Last week, we speculated that this unlikely scenario could turn out, but it's doubtful if anyone believed it until the credits rolled. There were so many scenes that were dangerous not only to the Jennings, but to some of their closest collaborators. There was the car park tête-à-tête between Philip and Stan, the McDonald's pit stop, where Philip is considering staying, and then the fateful train ride, which drew a brilliant lure-and-switch, the onlooker worried Cause Every Parent Was Caught In The Toilet The Canadian border just before Paige was uncovered had slipped off the train. Even the Jennings' last trip to Moscow had to worry some people exactly where Arkady was driving them.
This tension was far more important to the finale than any death, because there were still big losses. Elizabeth and Philip lost their children – perhaps the most painful loss that parents could have imagined – while Henry and Paige lost their parents. Sure, Henry was given the care of Stan (and maybe Paige), but that's not the same thing. In addition, Stan had to fight with the loss of his best friend. Oleg's father was faced with the reality of never seeing his son again, and the spectators perished with the loss of all. Although they all lived through, "Start" found ways to similarly produce heartbreaking emotions for its viewers.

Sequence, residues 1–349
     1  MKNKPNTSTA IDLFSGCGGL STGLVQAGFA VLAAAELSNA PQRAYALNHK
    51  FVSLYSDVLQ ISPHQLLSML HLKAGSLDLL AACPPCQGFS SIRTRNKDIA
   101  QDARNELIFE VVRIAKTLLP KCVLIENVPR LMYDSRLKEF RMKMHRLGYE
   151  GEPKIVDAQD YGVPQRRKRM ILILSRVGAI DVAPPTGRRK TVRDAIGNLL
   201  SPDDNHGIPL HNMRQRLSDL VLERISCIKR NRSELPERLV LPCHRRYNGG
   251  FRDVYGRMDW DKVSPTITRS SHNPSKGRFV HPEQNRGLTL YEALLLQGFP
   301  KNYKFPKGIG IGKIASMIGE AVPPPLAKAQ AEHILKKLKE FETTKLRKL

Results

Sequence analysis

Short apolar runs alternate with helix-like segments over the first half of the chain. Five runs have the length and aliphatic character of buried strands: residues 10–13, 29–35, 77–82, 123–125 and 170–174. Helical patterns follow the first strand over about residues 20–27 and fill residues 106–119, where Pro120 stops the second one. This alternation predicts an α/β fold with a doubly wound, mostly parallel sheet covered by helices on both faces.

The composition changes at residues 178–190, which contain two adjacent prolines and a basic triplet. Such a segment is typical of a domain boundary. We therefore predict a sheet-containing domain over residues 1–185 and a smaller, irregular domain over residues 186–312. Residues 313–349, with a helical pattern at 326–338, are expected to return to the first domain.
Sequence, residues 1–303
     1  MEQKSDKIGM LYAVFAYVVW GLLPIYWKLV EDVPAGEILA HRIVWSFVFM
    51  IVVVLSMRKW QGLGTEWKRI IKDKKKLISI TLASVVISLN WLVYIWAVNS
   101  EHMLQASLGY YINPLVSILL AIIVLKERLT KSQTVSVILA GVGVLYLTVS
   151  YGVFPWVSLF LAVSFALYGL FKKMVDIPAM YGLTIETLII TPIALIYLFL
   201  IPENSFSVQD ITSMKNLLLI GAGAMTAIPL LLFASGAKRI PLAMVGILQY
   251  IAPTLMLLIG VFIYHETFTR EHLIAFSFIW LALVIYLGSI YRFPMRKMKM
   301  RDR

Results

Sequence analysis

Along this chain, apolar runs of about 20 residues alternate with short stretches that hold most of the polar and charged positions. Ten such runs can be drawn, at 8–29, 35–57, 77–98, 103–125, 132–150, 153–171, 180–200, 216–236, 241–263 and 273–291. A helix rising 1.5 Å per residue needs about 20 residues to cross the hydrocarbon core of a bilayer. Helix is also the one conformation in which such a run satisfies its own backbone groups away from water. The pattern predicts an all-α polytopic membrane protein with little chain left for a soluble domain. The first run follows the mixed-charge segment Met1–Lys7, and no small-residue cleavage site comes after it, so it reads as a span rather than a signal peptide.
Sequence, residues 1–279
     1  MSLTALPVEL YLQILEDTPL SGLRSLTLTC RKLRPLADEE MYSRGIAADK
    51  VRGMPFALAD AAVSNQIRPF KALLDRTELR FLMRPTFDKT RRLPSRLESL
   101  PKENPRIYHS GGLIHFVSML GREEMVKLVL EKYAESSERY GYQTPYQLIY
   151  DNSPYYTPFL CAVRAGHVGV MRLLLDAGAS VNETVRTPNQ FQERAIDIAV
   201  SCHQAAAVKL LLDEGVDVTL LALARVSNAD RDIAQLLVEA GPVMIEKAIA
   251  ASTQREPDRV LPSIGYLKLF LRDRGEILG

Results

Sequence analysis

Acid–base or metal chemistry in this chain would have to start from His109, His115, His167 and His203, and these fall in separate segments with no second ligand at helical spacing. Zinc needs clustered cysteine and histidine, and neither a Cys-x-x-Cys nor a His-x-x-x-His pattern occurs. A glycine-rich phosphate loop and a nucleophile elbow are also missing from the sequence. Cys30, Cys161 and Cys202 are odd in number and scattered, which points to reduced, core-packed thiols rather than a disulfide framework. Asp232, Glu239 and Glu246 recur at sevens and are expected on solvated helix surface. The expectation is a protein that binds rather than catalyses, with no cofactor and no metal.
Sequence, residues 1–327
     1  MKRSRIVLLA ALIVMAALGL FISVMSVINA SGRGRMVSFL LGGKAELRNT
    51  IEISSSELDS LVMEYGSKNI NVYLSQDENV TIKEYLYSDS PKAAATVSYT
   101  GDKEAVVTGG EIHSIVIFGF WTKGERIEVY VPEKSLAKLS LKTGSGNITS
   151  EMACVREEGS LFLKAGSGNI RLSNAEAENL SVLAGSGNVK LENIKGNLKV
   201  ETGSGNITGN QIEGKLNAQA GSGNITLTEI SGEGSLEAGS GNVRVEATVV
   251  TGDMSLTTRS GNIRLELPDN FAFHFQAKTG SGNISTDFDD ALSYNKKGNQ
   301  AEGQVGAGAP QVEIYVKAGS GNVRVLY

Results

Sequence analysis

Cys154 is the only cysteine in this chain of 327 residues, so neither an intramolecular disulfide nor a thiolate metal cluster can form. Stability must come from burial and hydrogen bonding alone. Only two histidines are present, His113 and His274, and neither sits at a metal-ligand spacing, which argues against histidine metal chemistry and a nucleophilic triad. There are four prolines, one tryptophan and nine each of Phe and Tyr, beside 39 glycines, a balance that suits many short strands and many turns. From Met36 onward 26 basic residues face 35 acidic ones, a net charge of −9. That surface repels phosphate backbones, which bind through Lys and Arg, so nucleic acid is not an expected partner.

As with any episode of "The Americans," every actor who appeared on the screen provided work worthy of dissection, but Matthew Rhys and Noah Emmerichs denominational claims preparation. For one thing, it was extremely trusting to assign weighty monologues to two actors; Trust founded over six seasons with Rhys and Emmerich. So much information came out in this parking garage, and so much emotion had to be considered by both Weisberg and Fields, who wrote the episode, and Rhys and Emmerich as performers.